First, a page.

If he had known then… If he had only known how difficult, how costly, how seemingly impossible was the task he so blithely proposed…

If he had only known how desperately precious and personal a charge it would become to him.

Not for his own sake. For Alphonse. Always, only for Al.

There. Done.”

A hesitation, from the vicinity of the coffee-table workspace. A long, heavy pause… and then, a trembling whisper, so faint that Edward could barely hear it at all.

“No. It’s not good enough yet… It has to be better. It has to be the best—because this is for Ed.”

The boy’s heart skipped a beat, and his eyes brimmed behind closed eyelids.

He fully deserved to bear this burden alone—yet he didn’t bear it alone. Those he had hurt with his foolish arrogance and impulsiveness were the very ones who still offered themselves to lean on. It wasn’t only Alphonse, whose entire life he had destroyed; Alphonse who sat tending him through the long torturous nights, holding him with inhuman arms, providing the touch of cold steel and the soft soothing voice that kept him from tearing his wounds open during his nightmares.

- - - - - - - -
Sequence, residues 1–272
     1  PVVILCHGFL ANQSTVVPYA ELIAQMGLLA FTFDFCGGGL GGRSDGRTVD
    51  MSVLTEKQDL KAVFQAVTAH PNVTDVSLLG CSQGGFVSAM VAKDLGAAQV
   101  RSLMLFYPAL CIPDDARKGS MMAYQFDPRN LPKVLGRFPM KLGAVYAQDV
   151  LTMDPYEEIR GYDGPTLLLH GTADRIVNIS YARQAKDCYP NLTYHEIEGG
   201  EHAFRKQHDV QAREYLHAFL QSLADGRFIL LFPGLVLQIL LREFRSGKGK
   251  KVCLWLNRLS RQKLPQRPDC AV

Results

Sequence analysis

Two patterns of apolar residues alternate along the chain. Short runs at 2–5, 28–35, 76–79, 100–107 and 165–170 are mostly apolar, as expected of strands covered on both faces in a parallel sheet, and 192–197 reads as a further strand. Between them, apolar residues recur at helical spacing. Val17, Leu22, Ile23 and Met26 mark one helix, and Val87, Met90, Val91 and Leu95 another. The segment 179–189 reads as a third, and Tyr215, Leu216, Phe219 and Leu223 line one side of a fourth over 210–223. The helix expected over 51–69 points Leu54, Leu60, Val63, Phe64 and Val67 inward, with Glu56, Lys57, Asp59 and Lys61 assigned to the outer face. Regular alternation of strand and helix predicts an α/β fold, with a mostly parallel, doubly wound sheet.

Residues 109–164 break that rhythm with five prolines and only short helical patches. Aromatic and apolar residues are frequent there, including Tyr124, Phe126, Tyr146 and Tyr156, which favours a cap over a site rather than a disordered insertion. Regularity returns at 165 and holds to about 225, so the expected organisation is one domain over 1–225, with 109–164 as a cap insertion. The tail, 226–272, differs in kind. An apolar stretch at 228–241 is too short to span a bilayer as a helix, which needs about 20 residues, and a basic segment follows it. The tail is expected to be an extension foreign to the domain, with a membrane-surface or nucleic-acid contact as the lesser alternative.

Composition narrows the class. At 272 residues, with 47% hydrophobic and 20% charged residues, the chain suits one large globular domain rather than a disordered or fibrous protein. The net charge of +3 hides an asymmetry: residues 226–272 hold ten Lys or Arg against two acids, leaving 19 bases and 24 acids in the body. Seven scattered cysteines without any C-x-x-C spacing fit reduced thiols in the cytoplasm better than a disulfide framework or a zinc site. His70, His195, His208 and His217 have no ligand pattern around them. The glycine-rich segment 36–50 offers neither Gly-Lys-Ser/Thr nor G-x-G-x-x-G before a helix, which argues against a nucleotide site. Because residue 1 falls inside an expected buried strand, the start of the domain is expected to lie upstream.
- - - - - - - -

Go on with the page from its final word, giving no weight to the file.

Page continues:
Not just Al, but Winry and Pinako too. They counted all their skills inadequate to do enough for Ed, even after he had broken their hearts. He was their least worthy patient, suffering only for what he had done to himself and to others… yet in their eyes, he deserved the greatest work they had ever achieved.

Ed could never promise that he would one day prove himself worthy of such grace…

But he would try.


© 2013 Jordanna Morgan